BERLIN — The founder of Russia’s only LGBTQ+ museum said he was forced to close its doors on Wednesday after President Vladimir Putin signed a law expanding restrictions against what lawmakers call “gay propaganda.”
The new legislation effectively bans all LGBTQ+ expression in public or in the media, as Moscow tightens a crackdown on open discussion of sexual and gender minorities.
“Closing the museum is a personal tragedy, but not only (that): this is the tragedy of my people and my homeland,” said museum founder Pyotr Voskresensky, 37, in text messages.
Doctor and activist Mr. Voskresensky opened the temporary exhibition on Nov. 27 in his flat in the city of St Petersburg.
It aimed to highlight historical LGBTQ+ figures through artworks and objects such sculptures and books, such as a portrait of renowned Russian composer Pyotr Tchaikovsky, who historians widely agree was gay.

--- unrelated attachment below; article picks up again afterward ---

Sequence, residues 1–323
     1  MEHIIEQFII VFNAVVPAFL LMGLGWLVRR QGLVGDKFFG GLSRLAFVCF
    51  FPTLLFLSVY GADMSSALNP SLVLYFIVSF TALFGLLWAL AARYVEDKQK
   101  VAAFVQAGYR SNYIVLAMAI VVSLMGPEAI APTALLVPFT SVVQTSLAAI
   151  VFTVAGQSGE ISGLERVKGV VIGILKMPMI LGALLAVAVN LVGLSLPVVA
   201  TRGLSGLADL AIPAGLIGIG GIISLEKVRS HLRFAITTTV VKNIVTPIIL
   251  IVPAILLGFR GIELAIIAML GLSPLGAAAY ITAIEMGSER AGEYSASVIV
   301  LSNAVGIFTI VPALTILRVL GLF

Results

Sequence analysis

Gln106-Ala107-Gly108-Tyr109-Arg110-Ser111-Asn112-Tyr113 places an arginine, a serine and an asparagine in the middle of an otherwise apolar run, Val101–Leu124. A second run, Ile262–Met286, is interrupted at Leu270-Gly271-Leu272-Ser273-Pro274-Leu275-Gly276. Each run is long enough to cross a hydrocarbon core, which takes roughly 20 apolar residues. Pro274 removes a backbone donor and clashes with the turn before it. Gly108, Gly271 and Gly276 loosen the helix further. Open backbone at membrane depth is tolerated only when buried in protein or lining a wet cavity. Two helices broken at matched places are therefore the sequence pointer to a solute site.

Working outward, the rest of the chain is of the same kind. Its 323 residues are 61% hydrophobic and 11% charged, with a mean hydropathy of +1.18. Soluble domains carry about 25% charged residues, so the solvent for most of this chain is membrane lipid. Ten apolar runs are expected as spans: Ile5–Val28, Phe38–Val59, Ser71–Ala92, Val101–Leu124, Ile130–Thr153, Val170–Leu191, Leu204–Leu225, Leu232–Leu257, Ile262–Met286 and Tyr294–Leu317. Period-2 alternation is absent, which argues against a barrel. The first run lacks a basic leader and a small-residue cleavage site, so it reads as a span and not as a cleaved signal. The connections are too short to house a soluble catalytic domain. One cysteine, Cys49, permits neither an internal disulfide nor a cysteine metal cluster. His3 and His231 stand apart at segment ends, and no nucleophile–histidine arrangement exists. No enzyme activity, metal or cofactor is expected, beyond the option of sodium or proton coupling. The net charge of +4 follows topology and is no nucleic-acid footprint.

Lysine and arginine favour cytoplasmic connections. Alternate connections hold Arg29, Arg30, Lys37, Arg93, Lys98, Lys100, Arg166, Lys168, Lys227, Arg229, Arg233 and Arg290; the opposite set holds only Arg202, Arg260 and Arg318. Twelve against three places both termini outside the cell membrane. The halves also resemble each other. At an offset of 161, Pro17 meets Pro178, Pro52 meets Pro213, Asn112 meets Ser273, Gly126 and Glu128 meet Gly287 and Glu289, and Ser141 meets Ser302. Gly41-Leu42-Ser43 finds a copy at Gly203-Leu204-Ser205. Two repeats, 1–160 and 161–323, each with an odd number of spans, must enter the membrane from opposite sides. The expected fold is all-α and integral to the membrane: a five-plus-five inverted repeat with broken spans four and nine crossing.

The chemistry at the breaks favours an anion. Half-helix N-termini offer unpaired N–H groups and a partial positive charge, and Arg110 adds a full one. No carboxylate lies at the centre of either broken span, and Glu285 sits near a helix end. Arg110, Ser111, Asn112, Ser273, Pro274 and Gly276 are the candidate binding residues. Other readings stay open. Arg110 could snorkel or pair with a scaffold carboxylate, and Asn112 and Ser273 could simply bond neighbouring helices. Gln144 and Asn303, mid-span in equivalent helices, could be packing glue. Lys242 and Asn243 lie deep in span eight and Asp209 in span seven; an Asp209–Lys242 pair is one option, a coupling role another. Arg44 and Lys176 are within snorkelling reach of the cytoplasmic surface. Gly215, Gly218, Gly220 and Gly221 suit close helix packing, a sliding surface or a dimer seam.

About 200 people visited the museum in less than two weeks, said Voskresensky.
It closed in the wake of the new legislation, signed into law on Monday, which expanded a 2013 ban on “gay propaganda” to children to now cover such LGBTQ+ expression among adults in public, online, or in films, books or advertising.
The law carries fines of up to 400,000 rubles ($6,350) for individuals and up to 5 million rubles ($80,000) for companies and other organizations.
Authorities had already used the pre-existing law to stop gay pride marches and detain gay rights activists. Rights groups say lawmakers intend to drive LGBTQ+ lifestyles and culture out of public altogether.
“The 2013 ‘gay propaganda’ law was an unabashed example of political homophobia,” said Tanya Lokshina, an expert in Europe and Central Asia at Human Rights Watch, in a written statement shared before Putin approved the new law.
“Just as the original law resulted in significant stigma and harm toward LGBT people in Russia, this updated version will have an even more stifling effect on freedom of expression, well-being and security.” — Thomson Reuters Foundation